Chicago Fest

The second annual Chicago Fest, a festival of American independent films, runs Wednesday, June 9, through next Sunday, June 13, at the Harold Washington Library Center, 400 S. State. Tickets are $5, except for the opening program on Wednesday, which is $25, including a postscreening party. A $25 pass admits you to six screenings (not including the opening and closing programs); for more information call 773-525-4559.


Love 101

“Films with an independent point of view” is this festival’s catchphrase, though I can’t imagine what differentiates this competently made teenage sex movie from other competently made teenage sex movies, apart from the absence of a studio logo at the beginning. Maybe it’s the independent sense of humor expressed in writer-director Adrian Fulle’s dialogue: “Women are like Democrats, man. You can’t live with them, but you can sure get fucked by them.” Just as you have to rule out the existence of female Democrats to find this funny, you’ll probably have to rule out the existence of independent films unencumbered by studiothink to find this even halfway bearable. Once you’ve accomplished that, you may or may not find that the skillful camera work and adequate performances–by Michael Muhney, Mary Kay Cook, Jon Collins, Jim Slonina, Heidi Mokrycki, and Jeff Anderson–enhance this familiar tale of sexual rivalry between roommates and sexual confidence triumphing over insecurity, complete with elevator music. (JR) A world premiere. On the same program, three shorts: Steve Stein’s %, Roy Unger’s Requiem, and Stuart Matz’s Let’s Meet Johnny. (6:30)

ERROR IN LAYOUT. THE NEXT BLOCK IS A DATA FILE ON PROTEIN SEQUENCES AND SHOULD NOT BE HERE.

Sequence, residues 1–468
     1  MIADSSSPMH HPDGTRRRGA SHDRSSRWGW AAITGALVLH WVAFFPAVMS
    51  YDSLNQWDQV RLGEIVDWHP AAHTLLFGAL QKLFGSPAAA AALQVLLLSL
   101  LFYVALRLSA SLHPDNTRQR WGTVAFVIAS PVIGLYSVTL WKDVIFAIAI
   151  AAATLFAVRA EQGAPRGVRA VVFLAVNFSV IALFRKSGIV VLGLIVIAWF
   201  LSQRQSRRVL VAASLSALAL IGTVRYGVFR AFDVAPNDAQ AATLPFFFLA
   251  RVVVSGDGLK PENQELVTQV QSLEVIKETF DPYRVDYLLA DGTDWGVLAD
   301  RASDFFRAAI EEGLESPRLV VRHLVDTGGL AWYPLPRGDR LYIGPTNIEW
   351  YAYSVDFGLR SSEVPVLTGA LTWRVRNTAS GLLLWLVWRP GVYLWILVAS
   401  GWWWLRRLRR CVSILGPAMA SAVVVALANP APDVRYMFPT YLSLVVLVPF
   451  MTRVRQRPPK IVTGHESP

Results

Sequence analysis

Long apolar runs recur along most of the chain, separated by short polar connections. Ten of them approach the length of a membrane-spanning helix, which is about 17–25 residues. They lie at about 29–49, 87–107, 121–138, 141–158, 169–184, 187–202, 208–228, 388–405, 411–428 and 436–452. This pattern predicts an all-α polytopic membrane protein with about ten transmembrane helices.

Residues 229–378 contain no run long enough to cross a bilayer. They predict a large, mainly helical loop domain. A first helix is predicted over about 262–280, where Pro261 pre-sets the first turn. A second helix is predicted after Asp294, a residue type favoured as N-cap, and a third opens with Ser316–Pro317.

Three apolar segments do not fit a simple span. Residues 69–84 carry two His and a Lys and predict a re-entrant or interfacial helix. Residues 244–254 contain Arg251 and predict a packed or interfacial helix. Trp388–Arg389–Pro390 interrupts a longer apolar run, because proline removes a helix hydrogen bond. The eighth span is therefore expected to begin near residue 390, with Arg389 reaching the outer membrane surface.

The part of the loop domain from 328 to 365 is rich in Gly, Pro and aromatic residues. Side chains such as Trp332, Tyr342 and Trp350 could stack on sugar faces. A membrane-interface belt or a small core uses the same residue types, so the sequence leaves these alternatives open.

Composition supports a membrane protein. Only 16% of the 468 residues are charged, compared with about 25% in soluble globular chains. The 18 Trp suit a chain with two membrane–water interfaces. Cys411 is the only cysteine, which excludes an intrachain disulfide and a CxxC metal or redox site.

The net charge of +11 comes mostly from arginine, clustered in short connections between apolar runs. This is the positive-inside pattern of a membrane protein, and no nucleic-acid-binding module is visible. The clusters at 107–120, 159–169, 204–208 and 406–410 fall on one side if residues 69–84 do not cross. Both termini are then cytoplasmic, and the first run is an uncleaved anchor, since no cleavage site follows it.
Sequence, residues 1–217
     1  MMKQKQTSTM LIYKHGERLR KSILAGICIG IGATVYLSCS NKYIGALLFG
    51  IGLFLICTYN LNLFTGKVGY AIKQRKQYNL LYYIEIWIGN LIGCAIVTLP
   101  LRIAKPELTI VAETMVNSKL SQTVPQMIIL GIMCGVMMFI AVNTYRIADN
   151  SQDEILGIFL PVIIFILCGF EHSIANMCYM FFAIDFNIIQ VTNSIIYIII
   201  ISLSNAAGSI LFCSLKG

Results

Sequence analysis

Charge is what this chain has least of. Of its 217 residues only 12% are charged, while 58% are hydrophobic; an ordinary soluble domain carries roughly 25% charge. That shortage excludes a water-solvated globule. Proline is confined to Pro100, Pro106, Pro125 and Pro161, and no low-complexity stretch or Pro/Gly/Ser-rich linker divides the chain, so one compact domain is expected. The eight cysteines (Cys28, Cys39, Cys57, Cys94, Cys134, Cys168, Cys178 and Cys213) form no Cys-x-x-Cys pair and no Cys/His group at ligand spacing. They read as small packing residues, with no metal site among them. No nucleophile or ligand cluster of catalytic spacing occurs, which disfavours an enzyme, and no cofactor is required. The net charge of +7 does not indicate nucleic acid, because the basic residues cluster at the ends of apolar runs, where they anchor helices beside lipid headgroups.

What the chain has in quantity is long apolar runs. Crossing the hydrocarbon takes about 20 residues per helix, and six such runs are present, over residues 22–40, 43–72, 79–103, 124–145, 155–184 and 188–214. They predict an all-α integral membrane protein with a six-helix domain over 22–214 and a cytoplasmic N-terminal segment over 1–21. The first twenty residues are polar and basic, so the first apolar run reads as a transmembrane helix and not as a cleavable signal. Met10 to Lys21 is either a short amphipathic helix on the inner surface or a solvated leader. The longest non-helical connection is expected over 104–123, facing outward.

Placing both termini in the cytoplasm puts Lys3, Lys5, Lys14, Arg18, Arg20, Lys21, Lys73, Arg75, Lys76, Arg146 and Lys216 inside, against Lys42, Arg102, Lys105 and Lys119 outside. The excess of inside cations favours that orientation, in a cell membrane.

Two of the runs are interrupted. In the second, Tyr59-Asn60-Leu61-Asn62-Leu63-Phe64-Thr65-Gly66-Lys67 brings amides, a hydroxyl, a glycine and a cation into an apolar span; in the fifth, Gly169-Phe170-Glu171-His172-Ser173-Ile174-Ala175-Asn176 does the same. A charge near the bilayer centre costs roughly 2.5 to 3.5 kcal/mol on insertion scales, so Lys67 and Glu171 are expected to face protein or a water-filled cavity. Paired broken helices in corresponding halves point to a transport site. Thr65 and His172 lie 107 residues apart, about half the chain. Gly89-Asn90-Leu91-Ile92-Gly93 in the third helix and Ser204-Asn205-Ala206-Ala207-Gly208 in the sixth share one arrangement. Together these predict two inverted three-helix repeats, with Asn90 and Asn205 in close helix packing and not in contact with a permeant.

Two Ninas

Havoc ensues when a frustrated writer falls in love with two women who share the same given name. Neil Turitz directed. On the same program: Digital Gremlin for Windows, a short by Chris Clements. (5:30)

Dead Dogs

Director Clay Eide and scriptwriter Todd Bulman try to update the film noir with this tale of two small-town brothers, the dime-store femme fatale they both love, and a robbery plot that goes awry. The filmmakers provide some essential noir elements–seduction, betrayal, male-bonding, a tawdry setting, interplay of light and shadow–but the three main characters talk way too much (in what Bulman imagines as working-class lingo) and explain their past way too often. Jay Underwood as the volatile renegade and Joe Reynolds as his sappy brother generate some tension, helped along by the nervy score and eerie black-and-white cinematography, but they’re not enough to lift the film above the ordinary. (TS) On the same program: Vigilance, a short by Daniel Lawrence. (7:15)

Temporary Girl

Local performance artist Lisa Kotin has staged a pair of one-woman shows in Chicago playing a variety of working women, and this 1997 feature, which she scripted and codirected with Johnny White, develops the idea into a heartfelt, bittersweet tale of an artist’s midlife crisis. At 40 Jeanette is temping to pursue her big showbiz break, while her biological clock ticks on and her husband loses patience with her ambitions. Many of the film’s stock situations border on caricature–Jeanette’s Jewish parents want grandchildren, her boss subjects her to imperious harangues, a lascivious agent comes on to her over lunch–but Kotin enlivens them with fast-motion sequences and imaginative camera angles. True to its source, this slight but madcap comedy centers on Kotin’s performance as the goofy but lovable protagonist. Among the Chicagoans who round out the cast are Amy Landecker, William J. Norris, and Byrne and Joyce Piven. (TS) (9:30)